Wed | Dec 6, 2023

Editorial | Skills crisis and primary schools

Published:Sunday | November 19, 2023 | 12:08 AM
Representational image of primary school children.
Representational image of primary school children.

This newspaper shares the deepening concern in industry for Jamaica’s worsening shortage of skilled labour, and is sympathetic to calls by some of its captains for an importation of workers to meet the demand.

But recruiting labour from outside Jamaica isn’t a lasting solution. It is likely, at best, to be a short-term palliative. For fundamentally, the shortage of skilled workers is a symptom in the well-known and much documented crisis in the island’s education system, whose fixing demands mass mobilisation and almost missionary zeal.

Which is why – notwithstanding the education ministry’s advertisements touting nebulous ideas of transformation – The Gleaner finds it difficult to fathom the ministry’s continued failure to engage a serious national dialogue on the Patterson Report on overhauling the sector. That report, commissioned by Prime Minister Andrew Holness and produced by a high-powered team chaired by the renowned Jamaican academic, Orlando Patterson, has been in the hands of the government for two years. It has neither been tabled in the House nor sent to any parliamentary committee for review, although an oversight group was assigned to monitor its implementation.

So, it isn’t clear what of the report is being implemented, or the basis on which priorities were chosen from the commission’s scores of recommendations. The latter point is important, especially for management in a context of where the urgency of transformation collides with the immediacy of specific crises.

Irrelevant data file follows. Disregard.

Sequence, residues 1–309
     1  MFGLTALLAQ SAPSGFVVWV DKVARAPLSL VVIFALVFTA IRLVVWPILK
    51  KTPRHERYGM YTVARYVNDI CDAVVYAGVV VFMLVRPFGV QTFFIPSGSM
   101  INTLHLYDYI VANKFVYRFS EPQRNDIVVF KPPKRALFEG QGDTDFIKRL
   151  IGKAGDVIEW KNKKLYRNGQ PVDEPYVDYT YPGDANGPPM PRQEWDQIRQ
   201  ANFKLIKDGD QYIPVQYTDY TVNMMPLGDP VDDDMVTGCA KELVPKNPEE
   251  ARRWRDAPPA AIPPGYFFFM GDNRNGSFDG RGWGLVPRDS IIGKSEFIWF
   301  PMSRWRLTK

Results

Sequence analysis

To be clear, Jamaica, macroeconomically, is in a significantly better place than a dozen years ago. Unemployment is 4.5 per cent, compared to nearly 13 per cent in 2012. And the debt-to-GDP ratio that was headed towards 150 per cent is now 84 per cent. It is on course to fall to 60 per cent by 2028. The primary balance is just shy of six per cent of GDP.

It is against this backdrop, and in the face of a current growth rate of around two per cent that the economy (based on complaints from industry) is facing a shortage of skills.

“At the lowest end, you tend to have labour availability, but as you go up the value chain … there is a shortage in Jamaica and the situation is continuing to get worse,” Richard Pandohie, the CEO of Seprod Group, told the Observer newspaper.


He, and others, suggest closing the skill gaps with foreign recruits, including from countries such as Venezuela and Haiti. Like Jamaica, Haiti is a member of the regional single market group, Caribbean Community (CARICOM).

Prime Minister Holness appears increasingly open to this idea, even as he stresses the need to induce a “hardcore block” of people who are outside the labour force, “into a culture of work” by providing them with skills “to make them functional”.

That block to which Mr Holness refers isn’t a few thousand people. In the context of Jamaica it is huge.